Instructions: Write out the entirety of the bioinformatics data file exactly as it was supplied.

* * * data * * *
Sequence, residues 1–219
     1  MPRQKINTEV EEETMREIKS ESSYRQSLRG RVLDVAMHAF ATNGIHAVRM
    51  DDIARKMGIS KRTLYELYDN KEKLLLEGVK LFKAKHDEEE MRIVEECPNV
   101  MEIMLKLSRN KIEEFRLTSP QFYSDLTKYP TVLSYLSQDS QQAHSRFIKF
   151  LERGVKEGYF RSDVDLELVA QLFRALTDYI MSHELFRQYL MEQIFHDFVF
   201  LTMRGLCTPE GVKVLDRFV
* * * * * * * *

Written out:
Sequence, residues 1–219
     1  MPRQKINTEV EEETMREIKS ESSYRQSLRG RVLDVAMHAF ATNGIHAVRM
    51  DDIARKMGIS KRTLYELYDN KEKLLLEGVK LFKAKHDEEE MRIVEECPNV
   101  MEIMLKLSRN KIEEFRLTSP QFYSDLTKYP TVLSYLSQDS QQAHSRFIKF
   151  LERGVKEGYF RSDVDLELVA QLFRALTDYI MSHELFRQYL MEQIFHDFVF
   201  LTMRGLCTPE GVKVLDRFV